I think it's time for me to, once again, explain why I write this blog.
A couple days ago I reprinted a "Quick Hit" by former Republic Editorial Board Editor Robert Leger in which he criticized "Regular Fearmongers" (sic) for expressing concerns about possible disease threats posed by Central American immigrants. I juxtaposed that two-year old article with an article from that day's Republic about the measles outbreak that has been traced to the Eloy detention center.
Leger's hit was simply unprofessional. Here are four reasons. The use of fearmonger (sic) was an ad hominem attack and it was the worst subset of an ad hominem attack, because it was simply name calling. His use of "regular" was an example of mockery. He misspelled "fear monger" and not only were the concerns about disease reasonable, but the Republic is now also covering a disease outbreak. So he was wrong.
I think my suggestion that Leger's post does not rise to a professional standard is a reasonable one.
I then tweeted that Leger's post was emblematic of the quality of the journalism in Arizona. I didn't mention Arizona Daily Star Columnist Tim Steller in my post, but he replied to my tweet this way.
So my point that the local journalists are overly reliant on name calling and mockery was met with...name calling and mockery. The only point he didn't ratify was local journalists' propensity for spelling errors. Then the gods of copy editing smiled upon me because a few tweets later, Steller showed that he doesn't know how to spell "judgment."
I'm not here to pick on Tim Steller. By all accounts, he's a decent guy and he has a difficult job in a dying industry. Since he's a decent guy and seems especially offended by this blog, I've realized that it's probably time for me to, once again, lay out what I'm doing and why. It's been over 8 years since I wrote the original explanation. After you read this post, I'm hoping that you will take the time to read that one as well.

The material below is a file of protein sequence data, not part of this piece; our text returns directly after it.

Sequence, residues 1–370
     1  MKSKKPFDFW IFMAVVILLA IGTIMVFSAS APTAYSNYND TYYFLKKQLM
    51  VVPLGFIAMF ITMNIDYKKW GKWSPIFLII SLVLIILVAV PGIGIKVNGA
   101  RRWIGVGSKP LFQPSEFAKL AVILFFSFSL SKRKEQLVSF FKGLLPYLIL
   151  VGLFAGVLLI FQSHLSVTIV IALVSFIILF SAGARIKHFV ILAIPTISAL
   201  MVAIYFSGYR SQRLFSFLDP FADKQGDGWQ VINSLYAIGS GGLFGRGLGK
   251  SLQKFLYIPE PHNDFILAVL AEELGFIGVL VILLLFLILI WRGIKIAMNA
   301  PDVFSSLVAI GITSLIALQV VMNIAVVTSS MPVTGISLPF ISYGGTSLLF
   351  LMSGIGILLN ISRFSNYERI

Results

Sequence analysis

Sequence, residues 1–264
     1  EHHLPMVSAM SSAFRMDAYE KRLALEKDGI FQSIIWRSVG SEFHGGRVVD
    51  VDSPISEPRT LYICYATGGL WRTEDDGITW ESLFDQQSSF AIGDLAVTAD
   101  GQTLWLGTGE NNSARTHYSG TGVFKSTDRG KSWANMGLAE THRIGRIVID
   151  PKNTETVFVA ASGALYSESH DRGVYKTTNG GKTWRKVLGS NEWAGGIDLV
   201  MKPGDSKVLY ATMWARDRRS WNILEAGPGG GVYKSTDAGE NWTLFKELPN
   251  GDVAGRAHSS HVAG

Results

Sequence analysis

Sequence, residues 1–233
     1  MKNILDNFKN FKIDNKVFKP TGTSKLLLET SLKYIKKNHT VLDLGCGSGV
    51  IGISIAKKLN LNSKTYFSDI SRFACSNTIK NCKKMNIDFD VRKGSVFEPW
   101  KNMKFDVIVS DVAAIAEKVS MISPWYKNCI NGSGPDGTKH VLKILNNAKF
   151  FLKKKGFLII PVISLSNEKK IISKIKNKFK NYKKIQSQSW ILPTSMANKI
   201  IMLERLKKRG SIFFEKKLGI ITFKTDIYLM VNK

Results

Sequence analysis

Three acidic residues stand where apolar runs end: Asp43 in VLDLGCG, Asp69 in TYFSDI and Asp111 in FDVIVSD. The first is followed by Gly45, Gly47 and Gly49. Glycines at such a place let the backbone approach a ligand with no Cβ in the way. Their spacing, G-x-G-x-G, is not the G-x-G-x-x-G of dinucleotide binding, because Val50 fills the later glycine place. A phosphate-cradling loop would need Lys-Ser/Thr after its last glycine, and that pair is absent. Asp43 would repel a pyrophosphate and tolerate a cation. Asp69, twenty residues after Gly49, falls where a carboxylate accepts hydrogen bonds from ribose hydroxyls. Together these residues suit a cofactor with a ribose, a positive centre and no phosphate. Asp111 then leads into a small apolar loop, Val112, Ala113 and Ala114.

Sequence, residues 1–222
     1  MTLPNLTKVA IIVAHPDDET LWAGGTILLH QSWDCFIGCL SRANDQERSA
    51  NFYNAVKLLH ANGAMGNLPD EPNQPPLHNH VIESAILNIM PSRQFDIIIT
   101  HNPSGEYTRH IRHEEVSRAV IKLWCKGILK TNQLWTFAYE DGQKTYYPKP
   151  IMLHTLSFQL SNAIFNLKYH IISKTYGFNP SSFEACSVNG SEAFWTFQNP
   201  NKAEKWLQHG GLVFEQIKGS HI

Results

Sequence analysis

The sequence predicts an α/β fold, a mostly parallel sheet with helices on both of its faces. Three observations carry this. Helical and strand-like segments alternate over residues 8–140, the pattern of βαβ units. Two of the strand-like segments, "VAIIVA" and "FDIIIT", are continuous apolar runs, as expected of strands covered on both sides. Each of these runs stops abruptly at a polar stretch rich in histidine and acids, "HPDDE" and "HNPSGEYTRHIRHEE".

Below, I've posted a portion of the Society for Professional Journalists Code of Ethics.
Ponder those five points for a moment. Journalism is an important profession and it's supposed to have high standards. Moreover, journalists are supposed to not only abide by those standards, but they are also supposed to hold each other accountable to those standards.
This blog is my response to what I believe is a widespread view that Arizona journalists are not meeting either of those obligations.
In an ideal world, journalists would look at point number 2 "Respond quickly to questions about accuracy, clarity and fairness." and would respond professionally to my commentary. Instead, in best cases, my commentary is ignored by members of the media and in the worst cases, I am relentlessly mocked by people like Tim Steller.
Ironically, that mockery has evolved. I used to be mocked because I was a nobody who dared comment on the work of professionals. (That type of mockery was a subset of what was originally called the "pajama narrative". Journalists used to say that--as professionals--they weren't going to comment on criticism from guys who wrote while wearing pajamas).
The new mockery is that I'm Chairman of the Arizona Board of Regents, so it is somehow unbecoming for me to comment on media coverage. I've evolved from too insignificant to blog to too important to blog.
Yes. I'm the incoming Chairman of the Board of Regents. I'm also a lawyer, CPA, former Legislator, former Chief of Staff to the State Senate, former Director of a State Agency and former Governing Board Member of the MIHS Hospital. I'm 52 years old and I've been working in the highest levels of government since I was 26. When I sat on the floor of the Arizona House of Representatives as a freshman Legislator to hear my first State of the State speech, it was delivered by then Governor Rose Mofford. I think that this background gives me some insight into the political process and the coverage of that process.
To be sure, my Regents and legal responsibilities limit my ability to comment on some issues. For example, I no longer blog about Universities or the Corporation Commission. Blogs and twitter are not an appropriate forum for a Regent to discuss education policy. That means that I'm not going to get drawn into discussing these issue no matter how often Tim calls me a "chicken."
Another criticism is that in my role as media watch dog, I am "self appointed." That is, of course, true. However to my credit, I put myself through a long nominating process and confirmed myself by a narrow margin.